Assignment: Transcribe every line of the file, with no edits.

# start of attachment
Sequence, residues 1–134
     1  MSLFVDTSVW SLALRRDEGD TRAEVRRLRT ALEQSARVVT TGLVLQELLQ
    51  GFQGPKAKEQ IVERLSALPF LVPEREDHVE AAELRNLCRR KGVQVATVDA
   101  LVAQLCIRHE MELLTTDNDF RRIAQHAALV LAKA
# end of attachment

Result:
Sequence, residues 1–134
     1  MSLFVDTSVW SLALRRDEGD TRAEVRRLRT ALEQSARVVT TGLVLQELLQ
    51  GFQGPKAKEQ IVERLSALPF LVPEREDHVE AAELRNLCRR KGVQVATVDA
   101  LVAQLCIRHE MELLTTDNDF RRIAQHAALV LAKA